|Los Angeles Divorce Attorney
Certified Family Law Specialist
DO NOT WAIT TOO LONG
BEFORE APPLYING FOR A RESTRAINING ORDER
If you are a victim of domestic violence, it is important to take action as soon as possible. If you
are afraid that a spouse or partner may cause you harm you should immediately call the police.
They have the power to issue ex parte emergency protective orders. You can then go to court
and request that a Judge issue a Temporary Restraining Order. Many courtrooms have
volunteers who will help you prepare the paperwork. If the Judge grants you a temporary
restraining order (TRO), the Judge will then direct that the paperwork be served on the other side
and will set the matter for a trial to decide whether the order should be made permanent. The
trial must take place within 21 days.
There are practical and legal reasons why there is a danger in waiting too long before you file an
application for a restraining order. As a practical matter, a restraining order gives the victim of
domestic abuse protection against further abuse. It may include personal restraining orders
which order that the batterer stays a certain distance away from the victim. As a legal matter, if
you wait too long, it may raise credibility issues with the court. The batterer may argue that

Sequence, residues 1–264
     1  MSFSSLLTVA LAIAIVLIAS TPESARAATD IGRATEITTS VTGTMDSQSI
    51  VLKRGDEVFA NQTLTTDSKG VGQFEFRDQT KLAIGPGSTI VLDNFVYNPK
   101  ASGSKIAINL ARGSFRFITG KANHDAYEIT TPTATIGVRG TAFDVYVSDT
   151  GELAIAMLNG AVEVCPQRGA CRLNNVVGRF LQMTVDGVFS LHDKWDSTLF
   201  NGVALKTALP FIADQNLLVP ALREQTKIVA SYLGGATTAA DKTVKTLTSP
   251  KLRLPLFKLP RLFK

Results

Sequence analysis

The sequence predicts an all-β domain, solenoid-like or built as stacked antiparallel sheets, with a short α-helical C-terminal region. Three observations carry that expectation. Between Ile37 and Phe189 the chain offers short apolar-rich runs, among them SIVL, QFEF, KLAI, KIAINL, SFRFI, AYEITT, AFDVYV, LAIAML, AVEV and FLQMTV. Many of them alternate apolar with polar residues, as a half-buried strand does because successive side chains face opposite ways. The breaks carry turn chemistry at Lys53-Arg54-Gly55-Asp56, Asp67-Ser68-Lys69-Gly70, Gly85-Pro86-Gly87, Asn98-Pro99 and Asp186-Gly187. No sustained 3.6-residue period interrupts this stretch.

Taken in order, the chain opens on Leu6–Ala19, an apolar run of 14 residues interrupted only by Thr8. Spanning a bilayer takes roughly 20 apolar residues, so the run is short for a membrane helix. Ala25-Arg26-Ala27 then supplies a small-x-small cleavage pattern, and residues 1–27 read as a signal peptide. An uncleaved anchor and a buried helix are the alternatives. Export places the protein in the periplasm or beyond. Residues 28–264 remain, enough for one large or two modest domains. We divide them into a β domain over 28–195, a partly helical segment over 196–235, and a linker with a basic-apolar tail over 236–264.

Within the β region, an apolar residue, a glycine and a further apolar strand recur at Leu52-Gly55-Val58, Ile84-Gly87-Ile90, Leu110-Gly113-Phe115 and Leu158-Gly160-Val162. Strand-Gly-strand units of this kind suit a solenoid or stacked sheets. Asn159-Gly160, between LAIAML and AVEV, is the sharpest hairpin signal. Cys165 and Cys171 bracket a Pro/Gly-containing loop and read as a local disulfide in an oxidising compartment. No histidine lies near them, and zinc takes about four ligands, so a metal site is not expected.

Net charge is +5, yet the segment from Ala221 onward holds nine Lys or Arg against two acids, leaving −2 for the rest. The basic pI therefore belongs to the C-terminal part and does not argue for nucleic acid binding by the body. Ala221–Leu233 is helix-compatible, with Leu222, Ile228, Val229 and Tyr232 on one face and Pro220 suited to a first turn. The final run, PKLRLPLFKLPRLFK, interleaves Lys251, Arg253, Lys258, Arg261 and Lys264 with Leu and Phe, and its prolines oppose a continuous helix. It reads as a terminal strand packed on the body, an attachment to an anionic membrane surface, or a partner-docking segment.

someone who waited weeks or months does not have a reasonable apprehension of further
harm and therefore does not need a restraining order. Unfortunately, it is a fact that some
people apply for domestic violence restraining orders to seek a litigation advantage in divorces
or custody proceedings.
The purpose behind our domestic violence legislation is to prevent future acts of abuse. In one
case, the Court said that it would only grant a restraining order if there was a preponderance of
the evidence that "the protected party entertained a “reasonable apprehension” of future abuse.”
It went on to say that the apprehension of future abuse is an objective test based on the
apprehensions of a reasonable man or woman in the same circumstances. That case involved a
request for a renewed, permanent restraining order against the victim’s former fiancé. The Court
of Appeals reversed the trial court’s order because it was “based solely on the victim's
subjective desire the protective order be extended”. The Court of Appeals held that the trial
court should have considered the “change in circumstances” which occurred in the 3 years after
the original order had been issued because it showed that the “probability of future acts” of
abuse may have decreased.
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Please call to make an appointment at 310.247.9913.
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